HumanLines, a "web documentary" site that shares frontline stories from the Humanitarian Corridors refugee resettlement project in Italy, has posted a series of brief videos highlighting how the coronavirus pandemic has affected some of the program participants. The series, entitled "Accompaniment in the Time of Coronavirus" is posted in the website's Line by Line news section and currently includes four videos in Italian, with English subtitles.

The first of the series  is a short video with Francesca, who tells of her experience with her Eritrean friends and her observations around the need for closeness amid social distancing. Another features Guiditta, a social worker who was heartened to discover that her contacts with two hosted families – initially intended to be sure they were okay and understood the guidelines – quickly became mutually supportive opportunities of connection for her as well. The third video features Emanuele, a social worker with Caritas Asti, who describes the fear – and strength – he's encountered in connecting with both the refugees and the volunteers who work with them.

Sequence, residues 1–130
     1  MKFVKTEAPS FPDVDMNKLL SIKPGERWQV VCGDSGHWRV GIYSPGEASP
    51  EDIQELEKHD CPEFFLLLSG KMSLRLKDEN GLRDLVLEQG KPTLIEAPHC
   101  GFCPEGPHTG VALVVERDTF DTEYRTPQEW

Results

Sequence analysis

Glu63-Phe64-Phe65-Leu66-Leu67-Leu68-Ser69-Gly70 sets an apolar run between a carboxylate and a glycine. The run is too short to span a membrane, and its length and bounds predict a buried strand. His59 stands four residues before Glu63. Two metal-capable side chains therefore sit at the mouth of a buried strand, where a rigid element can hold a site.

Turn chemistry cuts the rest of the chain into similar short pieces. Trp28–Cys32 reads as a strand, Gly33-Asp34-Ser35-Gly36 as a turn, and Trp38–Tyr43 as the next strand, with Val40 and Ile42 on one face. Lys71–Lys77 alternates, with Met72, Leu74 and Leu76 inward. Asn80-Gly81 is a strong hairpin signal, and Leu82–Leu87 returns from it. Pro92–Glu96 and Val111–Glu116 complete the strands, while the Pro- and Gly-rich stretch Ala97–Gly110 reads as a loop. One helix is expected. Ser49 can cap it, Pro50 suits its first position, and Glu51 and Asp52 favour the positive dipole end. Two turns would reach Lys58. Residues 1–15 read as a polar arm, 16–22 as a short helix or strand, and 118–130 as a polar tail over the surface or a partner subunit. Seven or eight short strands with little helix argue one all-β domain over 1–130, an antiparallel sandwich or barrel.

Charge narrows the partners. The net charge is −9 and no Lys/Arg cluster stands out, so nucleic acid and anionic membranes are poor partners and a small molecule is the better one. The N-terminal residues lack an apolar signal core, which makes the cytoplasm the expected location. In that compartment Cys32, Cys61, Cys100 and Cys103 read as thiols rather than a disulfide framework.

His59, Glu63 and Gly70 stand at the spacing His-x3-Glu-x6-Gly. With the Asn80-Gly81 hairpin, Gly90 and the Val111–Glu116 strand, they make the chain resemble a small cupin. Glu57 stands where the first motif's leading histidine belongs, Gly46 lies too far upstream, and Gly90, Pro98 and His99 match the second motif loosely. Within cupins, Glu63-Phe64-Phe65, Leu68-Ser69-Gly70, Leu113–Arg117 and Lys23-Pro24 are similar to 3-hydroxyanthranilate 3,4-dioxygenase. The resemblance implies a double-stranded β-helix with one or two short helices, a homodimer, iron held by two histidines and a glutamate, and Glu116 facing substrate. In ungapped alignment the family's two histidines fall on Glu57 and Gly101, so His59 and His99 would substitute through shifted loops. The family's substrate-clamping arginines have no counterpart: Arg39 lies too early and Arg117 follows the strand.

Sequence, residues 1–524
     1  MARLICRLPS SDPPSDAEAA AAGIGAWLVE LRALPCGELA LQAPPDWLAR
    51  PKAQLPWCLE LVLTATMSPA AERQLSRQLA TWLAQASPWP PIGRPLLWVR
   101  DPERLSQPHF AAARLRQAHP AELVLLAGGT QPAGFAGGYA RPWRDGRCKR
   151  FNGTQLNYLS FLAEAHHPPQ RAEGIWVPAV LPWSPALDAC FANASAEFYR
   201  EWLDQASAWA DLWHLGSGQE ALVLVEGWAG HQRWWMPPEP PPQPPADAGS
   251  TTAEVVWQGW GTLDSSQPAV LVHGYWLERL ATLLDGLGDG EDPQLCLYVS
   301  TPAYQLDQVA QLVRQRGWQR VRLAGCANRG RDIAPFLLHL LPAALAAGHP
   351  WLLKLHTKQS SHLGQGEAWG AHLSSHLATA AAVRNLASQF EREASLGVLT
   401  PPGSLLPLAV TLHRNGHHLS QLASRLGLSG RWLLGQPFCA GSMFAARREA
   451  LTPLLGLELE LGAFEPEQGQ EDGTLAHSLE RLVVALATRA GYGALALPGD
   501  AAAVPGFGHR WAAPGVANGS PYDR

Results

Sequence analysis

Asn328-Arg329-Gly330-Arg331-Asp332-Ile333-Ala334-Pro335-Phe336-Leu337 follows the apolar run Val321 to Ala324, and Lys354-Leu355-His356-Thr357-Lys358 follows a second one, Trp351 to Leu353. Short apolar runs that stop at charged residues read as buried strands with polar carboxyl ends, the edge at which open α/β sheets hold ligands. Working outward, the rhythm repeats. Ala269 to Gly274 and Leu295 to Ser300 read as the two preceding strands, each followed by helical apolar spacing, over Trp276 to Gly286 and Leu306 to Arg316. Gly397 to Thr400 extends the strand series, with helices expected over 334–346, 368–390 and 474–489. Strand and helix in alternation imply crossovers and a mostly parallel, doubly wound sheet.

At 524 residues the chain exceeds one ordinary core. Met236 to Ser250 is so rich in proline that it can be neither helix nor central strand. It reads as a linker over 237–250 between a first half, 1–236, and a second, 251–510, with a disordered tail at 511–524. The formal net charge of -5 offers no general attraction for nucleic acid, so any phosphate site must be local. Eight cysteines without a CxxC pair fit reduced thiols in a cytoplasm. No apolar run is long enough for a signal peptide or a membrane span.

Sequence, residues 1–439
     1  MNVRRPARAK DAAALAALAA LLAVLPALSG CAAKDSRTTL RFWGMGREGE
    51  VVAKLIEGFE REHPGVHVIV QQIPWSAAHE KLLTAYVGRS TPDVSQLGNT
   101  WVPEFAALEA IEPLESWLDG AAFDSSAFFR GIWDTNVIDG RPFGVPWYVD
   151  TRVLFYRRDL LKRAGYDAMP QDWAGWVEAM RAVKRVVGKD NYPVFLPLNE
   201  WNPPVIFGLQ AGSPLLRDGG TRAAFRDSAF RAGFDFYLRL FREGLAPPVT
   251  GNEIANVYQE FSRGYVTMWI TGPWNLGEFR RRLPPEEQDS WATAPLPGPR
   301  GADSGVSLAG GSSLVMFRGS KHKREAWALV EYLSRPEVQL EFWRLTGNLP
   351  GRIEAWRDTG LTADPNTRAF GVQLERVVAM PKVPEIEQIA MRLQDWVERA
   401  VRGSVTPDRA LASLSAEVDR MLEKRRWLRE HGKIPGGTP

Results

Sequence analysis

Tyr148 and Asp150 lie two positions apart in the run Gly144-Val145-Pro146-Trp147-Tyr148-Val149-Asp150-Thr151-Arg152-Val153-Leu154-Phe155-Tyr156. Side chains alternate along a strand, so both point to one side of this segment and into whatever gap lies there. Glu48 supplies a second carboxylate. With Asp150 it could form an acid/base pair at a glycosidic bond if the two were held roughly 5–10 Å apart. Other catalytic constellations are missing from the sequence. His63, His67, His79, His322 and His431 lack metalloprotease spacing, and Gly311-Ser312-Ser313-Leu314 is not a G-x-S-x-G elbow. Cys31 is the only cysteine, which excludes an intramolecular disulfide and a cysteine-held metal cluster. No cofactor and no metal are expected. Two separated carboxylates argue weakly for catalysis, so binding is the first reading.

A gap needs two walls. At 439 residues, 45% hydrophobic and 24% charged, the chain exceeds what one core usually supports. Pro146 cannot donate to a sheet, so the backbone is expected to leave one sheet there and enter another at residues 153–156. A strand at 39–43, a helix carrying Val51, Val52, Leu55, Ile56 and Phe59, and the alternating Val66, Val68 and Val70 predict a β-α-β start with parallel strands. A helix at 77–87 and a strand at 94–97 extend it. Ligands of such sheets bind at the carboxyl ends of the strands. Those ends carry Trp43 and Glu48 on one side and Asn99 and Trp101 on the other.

And in the final video of the series, Domenico tells how Caritas staff are remapping the way they accompany the families in his area. He describes the positive impact they've had in such acts as providing a computer to a high school student for distance learning, while expressing concern about other situations, including two young men who separately were gaining independence in their emplyment paths, but who have now been set back because of business closings.

HumanLines is a continually updated web documentary and portal of information created to support the academic work of Ford Program researchers Ilaria Schnyder von Wartensee and Clemens Sedmak, who are conducting a longitudinal research project aimed at monitoring and evaluating the various dynamics at work in the Humanitarian Corridors project. More information on this Ford Program research project can be found here.